A picturesque mosque in the province of Balkh, where Caliph Ali, the cousin of the Prophet Muhammad himself, was supposedly buried. The caliph's tomb has existed since the 12th century, the mosque was built in the 15th century. Hussein Baykara. She received the prefix "blue" due to the large number of turquoise tiles covering the walls and domes. The mosque is the best preserved ancient monument in Afghanistan.
Juma Mosque in Herat
A magnificent temple, in the creation of which the philosopher and poet Alisher Navoi took part. Due to the numerous wars of the last 30 years, the mosque was completely destroyed, but at the moment it has been restored. The renovated and restored building is covered with rich paintings, the courtyard can accommodate almost 5,000 believers. There is also a large cauldron of the 14th century, in which sherbet has been prepared for distribution to people for the holidays for six centuries.
The largest mosque in Kabul. Here Emir Amanullah Khan in 1919 declared the independence of Afghanistan. Id-Gah (translated as "festive") is one of the centers of religious life in Kabul. Large Muslim holidays are held here on a grand scale, during which thousands of Afghans come to pray at the walls and in the square in front of the mosque.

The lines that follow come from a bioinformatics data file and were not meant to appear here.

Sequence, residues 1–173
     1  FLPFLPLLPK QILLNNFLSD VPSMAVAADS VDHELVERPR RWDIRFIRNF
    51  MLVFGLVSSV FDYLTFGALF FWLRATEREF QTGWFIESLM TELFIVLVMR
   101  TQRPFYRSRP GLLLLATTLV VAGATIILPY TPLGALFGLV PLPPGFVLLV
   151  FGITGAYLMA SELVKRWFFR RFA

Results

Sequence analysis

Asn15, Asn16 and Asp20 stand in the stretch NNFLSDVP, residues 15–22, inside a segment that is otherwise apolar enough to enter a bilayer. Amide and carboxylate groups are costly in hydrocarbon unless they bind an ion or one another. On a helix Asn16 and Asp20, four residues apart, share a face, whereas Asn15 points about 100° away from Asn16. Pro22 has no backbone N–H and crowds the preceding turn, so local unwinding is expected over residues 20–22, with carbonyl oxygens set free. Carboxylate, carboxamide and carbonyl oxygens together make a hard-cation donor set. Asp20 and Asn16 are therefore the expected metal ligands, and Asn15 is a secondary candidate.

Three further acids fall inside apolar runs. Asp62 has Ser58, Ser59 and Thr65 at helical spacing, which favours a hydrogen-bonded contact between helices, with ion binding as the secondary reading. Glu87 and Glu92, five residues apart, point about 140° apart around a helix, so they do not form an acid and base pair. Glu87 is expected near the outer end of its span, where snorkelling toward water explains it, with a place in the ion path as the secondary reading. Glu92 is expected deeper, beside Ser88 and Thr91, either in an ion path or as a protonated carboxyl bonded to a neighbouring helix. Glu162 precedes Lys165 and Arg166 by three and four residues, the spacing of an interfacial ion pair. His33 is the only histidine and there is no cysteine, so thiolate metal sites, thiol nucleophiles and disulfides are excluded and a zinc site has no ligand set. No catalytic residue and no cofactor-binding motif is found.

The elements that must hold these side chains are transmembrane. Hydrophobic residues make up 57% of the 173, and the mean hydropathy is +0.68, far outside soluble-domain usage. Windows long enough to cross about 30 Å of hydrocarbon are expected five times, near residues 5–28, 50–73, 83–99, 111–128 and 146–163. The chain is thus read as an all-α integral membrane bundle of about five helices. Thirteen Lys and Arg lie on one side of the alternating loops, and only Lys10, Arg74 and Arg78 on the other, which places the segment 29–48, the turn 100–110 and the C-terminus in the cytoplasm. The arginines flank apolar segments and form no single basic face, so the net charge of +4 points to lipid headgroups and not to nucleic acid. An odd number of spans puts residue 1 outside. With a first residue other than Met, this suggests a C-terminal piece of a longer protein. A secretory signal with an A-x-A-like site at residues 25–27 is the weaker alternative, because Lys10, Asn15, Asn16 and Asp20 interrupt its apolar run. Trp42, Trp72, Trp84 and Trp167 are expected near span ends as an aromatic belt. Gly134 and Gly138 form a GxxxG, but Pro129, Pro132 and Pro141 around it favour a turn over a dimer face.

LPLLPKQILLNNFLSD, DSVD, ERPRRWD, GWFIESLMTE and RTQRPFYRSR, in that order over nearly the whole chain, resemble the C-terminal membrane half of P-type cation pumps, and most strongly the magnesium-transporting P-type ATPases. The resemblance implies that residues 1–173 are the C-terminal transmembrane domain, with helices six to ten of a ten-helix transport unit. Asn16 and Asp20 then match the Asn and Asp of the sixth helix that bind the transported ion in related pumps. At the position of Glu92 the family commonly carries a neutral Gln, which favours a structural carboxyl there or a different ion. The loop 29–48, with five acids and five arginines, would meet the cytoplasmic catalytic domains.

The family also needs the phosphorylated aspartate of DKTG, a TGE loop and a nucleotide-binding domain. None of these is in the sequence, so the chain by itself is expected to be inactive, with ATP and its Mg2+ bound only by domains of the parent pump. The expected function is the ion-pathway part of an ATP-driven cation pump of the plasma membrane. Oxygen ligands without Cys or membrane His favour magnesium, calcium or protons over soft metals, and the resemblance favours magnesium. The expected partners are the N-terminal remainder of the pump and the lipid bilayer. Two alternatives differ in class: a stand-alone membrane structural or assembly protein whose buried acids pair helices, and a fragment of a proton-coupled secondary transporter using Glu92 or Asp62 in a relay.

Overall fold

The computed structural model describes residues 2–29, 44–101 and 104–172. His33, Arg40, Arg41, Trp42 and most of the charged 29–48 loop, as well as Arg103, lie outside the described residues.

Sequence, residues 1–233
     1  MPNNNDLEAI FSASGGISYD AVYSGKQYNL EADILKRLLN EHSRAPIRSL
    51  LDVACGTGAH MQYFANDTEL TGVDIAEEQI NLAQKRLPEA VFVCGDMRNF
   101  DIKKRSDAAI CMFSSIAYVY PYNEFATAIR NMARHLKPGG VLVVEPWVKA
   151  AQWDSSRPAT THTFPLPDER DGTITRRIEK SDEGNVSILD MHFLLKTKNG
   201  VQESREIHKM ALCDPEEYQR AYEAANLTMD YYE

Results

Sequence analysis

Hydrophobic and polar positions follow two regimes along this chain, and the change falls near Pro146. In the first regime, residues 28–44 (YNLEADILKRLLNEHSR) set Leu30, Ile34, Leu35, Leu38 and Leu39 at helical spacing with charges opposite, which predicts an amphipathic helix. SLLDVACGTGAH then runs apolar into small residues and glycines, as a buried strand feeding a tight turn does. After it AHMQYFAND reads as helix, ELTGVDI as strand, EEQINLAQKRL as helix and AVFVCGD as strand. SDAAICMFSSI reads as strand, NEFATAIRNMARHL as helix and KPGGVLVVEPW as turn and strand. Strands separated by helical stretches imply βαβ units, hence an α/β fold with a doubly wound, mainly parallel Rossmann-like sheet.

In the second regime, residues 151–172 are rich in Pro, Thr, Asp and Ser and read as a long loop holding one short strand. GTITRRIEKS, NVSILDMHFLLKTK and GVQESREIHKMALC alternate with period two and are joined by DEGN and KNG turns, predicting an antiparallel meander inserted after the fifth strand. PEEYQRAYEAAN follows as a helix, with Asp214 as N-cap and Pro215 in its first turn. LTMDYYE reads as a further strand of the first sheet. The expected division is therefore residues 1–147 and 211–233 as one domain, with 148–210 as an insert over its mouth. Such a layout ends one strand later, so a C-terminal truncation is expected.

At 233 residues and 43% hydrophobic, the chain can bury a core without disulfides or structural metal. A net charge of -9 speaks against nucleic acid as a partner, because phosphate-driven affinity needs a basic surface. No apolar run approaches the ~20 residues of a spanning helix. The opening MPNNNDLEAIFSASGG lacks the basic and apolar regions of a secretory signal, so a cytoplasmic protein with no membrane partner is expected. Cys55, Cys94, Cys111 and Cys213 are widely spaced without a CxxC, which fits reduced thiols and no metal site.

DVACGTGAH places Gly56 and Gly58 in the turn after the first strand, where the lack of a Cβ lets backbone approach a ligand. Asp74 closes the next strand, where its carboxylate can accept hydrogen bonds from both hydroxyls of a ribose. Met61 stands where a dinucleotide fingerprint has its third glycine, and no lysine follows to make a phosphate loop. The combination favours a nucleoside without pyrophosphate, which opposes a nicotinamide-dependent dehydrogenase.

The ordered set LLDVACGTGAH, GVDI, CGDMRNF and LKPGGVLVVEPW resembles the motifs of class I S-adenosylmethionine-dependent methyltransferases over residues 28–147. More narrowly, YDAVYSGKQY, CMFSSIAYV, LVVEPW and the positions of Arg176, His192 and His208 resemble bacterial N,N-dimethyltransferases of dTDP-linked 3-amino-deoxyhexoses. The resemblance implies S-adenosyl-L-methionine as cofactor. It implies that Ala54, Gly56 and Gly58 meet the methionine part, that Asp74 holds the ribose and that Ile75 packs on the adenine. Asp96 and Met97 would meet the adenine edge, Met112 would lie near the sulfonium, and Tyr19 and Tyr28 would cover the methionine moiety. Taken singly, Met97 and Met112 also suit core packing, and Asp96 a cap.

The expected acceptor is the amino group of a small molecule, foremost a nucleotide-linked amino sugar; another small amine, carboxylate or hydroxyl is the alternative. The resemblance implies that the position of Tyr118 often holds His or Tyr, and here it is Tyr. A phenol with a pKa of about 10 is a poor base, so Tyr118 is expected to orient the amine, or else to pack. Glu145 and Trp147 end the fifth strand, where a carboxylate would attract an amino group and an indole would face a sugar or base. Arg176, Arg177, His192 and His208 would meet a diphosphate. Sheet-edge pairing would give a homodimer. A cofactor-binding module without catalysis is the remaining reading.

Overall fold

12th century building in the ancient city of Firuzukh. This priceless architectural monument is lost in the mountains in the north-west of the country, it is very difficult to get to it because of the military situation. The 65-meter minaret has been perfectly preserved, the external decoration of the walls has almost completely survived for 8 centuries. It was built during the heyday of the Ghurid dynasty, which in the Middle Ages controlled a vast territory from the Bay of Bengal to the Indian city of Nishapur.
Park complex Gardens of Babur
Kabul Park, where the tomb of the founder of the Mughal dynasty Babur is located. This is a series of 15 cascading terraces, made in the typical style of Mughal architecture. The tomb of the emperor is located in the middle of the park. During the civil war, most of the buildings were destroyed and the trees were cut down, but in 2011 the park was completely restored.